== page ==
A Name

13404504914_e27e1f8b8c_b

Image Source

I was sitting in my university art for children class (there are not many artistic bones in my body) attempting to survive when the unthinkable happened. The professor called on a student to answer her question and no one responded. Crickets! Lots of them! Finally, a friend nudged me and said, “She asked you a question?” My brain exploded. No, it couldn’t have been. It had to be someone else with an equally odd name. More crickets! It was me!! Embarrassed, I asked the professor to repeat the question and then attempted a response. Oh man! After class, I apologized to my prof, explained how to say my name, and she left our conversation with a very confused look.

It happened every week, twice a week, in my Law of Education class. My two amazing professors didn’t trust us and so took roll call for fourth year education students. Every time they got to me, there was a pause, a complete butchery of both my first and last name and then a chuckle, me laughing with them at what new oddity they could come up with and then on to the next student after me with a very boring name.

A name is so personal. When it’s said correctly, there’s a note of special-ness attached to it. This person knows me and knows me well enough to say my name. When it’s hacked to bits (even though you’ve shared all sorts of hints of ways to say it correctly), it’s an affront, an insult, a way to say you’re not important. Sometimes your name’s a term of endearment, spoken with love and affection. Other times it’s barked out as if a drill sergeant was calling you to come and atone for your misdeeds. It can be shouted, your attention is needed, look here. Sometimes it’s whispered, draw close, come in.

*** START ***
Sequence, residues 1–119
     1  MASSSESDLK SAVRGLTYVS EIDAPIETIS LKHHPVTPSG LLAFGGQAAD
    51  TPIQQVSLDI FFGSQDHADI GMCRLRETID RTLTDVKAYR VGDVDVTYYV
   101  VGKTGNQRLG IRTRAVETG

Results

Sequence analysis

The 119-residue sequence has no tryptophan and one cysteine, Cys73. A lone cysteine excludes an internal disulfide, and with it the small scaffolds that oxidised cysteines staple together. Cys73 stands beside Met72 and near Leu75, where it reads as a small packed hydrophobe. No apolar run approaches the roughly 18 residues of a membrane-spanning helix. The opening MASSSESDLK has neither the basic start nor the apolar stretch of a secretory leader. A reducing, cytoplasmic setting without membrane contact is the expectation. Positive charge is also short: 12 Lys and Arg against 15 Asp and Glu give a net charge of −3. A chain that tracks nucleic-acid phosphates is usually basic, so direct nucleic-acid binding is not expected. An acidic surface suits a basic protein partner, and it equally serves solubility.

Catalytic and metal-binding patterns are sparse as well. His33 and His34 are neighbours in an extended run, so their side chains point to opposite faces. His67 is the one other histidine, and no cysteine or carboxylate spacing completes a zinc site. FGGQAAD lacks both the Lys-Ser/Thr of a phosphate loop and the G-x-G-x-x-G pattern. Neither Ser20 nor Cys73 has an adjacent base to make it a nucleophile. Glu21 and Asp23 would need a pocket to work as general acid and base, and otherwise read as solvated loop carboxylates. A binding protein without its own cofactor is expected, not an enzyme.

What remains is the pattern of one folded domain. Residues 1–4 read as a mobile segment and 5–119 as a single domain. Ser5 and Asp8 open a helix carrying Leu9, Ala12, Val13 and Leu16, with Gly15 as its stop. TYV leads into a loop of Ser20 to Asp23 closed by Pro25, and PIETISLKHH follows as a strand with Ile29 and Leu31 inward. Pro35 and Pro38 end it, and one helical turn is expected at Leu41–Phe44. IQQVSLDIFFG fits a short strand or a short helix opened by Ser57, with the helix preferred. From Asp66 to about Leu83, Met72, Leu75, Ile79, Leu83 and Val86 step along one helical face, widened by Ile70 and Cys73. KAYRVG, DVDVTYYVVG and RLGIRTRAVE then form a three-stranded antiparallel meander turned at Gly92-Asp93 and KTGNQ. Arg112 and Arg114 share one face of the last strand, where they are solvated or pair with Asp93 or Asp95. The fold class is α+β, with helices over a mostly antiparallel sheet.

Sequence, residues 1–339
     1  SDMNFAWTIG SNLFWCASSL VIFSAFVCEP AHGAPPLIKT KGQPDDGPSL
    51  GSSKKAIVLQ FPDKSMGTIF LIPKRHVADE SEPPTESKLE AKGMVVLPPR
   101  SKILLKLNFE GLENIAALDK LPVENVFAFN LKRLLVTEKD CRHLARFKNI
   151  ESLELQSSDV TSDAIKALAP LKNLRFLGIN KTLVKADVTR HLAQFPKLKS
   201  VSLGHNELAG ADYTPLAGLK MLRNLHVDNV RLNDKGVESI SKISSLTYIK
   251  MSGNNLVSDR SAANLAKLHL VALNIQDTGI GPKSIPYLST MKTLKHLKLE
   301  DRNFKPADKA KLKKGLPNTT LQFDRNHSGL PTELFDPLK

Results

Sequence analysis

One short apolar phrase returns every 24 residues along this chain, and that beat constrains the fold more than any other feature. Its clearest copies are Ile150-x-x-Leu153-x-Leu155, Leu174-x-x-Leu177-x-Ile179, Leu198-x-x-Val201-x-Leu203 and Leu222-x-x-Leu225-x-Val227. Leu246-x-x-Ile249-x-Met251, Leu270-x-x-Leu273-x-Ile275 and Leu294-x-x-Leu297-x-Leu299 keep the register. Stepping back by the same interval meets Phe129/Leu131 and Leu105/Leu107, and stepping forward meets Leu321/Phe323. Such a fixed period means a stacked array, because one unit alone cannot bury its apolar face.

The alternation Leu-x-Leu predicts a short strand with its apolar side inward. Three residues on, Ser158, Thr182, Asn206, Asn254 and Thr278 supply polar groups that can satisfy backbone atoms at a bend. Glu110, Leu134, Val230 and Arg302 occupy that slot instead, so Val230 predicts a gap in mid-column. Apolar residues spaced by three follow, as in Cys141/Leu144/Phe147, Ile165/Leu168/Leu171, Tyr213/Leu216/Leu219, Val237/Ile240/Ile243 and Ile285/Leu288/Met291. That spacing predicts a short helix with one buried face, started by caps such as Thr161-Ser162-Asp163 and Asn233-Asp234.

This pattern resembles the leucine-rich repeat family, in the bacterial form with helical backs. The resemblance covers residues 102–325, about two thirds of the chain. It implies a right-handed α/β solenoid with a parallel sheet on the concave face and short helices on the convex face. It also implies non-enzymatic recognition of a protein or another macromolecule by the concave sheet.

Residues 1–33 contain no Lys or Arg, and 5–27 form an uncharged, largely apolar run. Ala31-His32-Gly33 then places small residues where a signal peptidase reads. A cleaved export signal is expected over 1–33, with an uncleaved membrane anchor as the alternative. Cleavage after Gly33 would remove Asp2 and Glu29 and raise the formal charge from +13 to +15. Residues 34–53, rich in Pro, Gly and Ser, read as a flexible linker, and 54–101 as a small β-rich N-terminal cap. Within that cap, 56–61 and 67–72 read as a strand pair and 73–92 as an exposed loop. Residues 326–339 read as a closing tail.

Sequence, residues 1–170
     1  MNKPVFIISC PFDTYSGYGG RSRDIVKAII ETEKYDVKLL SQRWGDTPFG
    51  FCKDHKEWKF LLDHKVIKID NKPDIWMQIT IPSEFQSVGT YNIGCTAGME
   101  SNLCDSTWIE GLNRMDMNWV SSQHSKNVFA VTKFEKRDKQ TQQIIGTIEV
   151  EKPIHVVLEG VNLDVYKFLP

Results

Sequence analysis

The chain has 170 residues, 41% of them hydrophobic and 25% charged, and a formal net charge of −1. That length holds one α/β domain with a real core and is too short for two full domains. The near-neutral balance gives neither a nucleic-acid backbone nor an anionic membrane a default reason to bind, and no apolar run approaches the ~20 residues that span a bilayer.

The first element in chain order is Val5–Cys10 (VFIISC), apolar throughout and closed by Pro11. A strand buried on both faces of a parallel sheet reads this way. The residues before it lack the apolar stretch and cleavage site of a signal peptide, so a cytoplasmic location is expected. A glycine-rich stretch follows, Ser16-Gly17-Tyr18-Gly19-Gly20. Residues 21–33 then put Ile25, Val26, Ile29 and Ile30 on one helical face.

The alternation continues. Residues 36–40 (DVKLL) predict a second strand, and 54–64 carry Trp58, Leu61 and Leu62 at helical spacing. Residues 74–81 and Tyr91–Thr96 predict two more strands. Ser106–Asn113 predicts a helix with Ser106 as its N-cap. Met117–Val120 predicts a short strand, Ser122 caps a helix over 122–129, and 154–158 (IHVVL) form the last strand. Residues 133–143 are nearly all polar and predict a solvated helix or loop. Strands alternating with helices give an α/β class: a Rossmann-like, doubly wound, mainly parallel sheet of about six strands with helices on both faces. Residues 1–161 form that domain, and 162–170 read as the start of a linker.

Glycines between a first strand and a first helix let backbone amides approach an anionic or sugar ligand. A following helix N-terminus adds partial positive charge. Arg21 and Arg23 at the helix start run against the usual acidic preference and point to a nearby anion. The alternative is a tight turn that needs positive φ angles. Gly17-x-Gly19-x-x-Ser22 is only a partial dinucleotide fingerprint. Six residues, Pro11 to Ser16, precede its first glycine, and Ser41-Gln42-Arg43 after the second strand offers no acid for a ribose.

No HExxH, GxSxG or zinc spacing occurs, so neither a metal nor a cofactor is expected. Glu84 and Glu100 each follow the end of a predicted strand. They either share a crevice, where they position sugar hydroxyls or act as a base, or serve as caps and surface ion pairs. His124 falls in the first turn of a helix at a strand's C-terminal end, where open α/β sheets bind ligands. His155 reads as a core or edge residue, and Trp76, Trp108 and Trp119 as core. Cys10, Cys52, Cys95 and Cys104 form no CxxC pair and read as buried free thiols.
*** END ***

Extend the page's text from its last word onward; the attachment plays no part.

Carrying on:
I think of how important my name is to me, and then I marvel at the names of God. He is God the Father, God the Son, God the Holy Spirit. Each of them have names that demonstrate their character. God the Father is Yahweh, I AM, Elohim the God who Creates, Jehovah Jireh the Lord will provide, Jehovah Rophe the Healer, El Roi the God who sees, Jehovah Sabaoth the God who protects, Lord of armies, El Moshaah the God who saves, Ha Melek Jehovah the King the Lord… Jesus the Son is the Christ, Wonderful Counselor, Mighty God, Everlasting Father, the Prince of Peace, the Messiah, the Bread of Life, the True Vine, … The Holy Spirit is the Teacher, the Comforter, the Reminder, the Counselor … Each name reveals who He is and they also all reveal His love for me and attention to me and the situations I find myself in.

My name may be butchered by many, but God never butchers my name. He knows me intimately. Sometimes more deeply than I would like. I may attempt to hide things in corners that would escape his notice but the only one I’m fooling is me. In His love and mercy, He gets down into the muddle that my life is so often and He draws near. He calls my name.

Moses was in a muddle. (Exodus 33) He was called to lead the People of God into the Promised Land. They were stubborn, they liked what they had known previously. God lost it on them a couple of times. Moses did too! But Moses kept coming back to God, pleading that He would lead this stiff necked group of people onward. God promises He will not abandon them. What loyalty God shows! Moses begs God for His presence to go with them so that the other nations around them will know this group of people is different. God replies (v. 17), “I will do the very thing you have asked, because I am pleased with you and I know you by name.”

God calls my name often with a Song of the Morning. It’s personal, often on repeat so I won’t forget it, it’s a term of endearment He’s using with me. It’s the way He calls my name. Oh to have God say of me, “I am pleased with you and I know you by name.” That is better than someone saying your name right!

Baker, M. (2013). I Am Revealed:  Knowing God on a First-Name Basis. Cincinnati, Ohio:  Standard Publishing.

Advertisements

Leave a Reply

Fill in your details below or click an icon to log in:

WordPress.com Logo

You are commenting using your WordPress.com account. Log Out / Change )

Twitter picture

You are commenting using your Twitter account. Log Out / Change )

Facebook photo

You are commenting using your Facebook account. Log Out / Change )

Google+ photo

You are commenting using your Google+ account. Log Out / Change )

Connecting to %s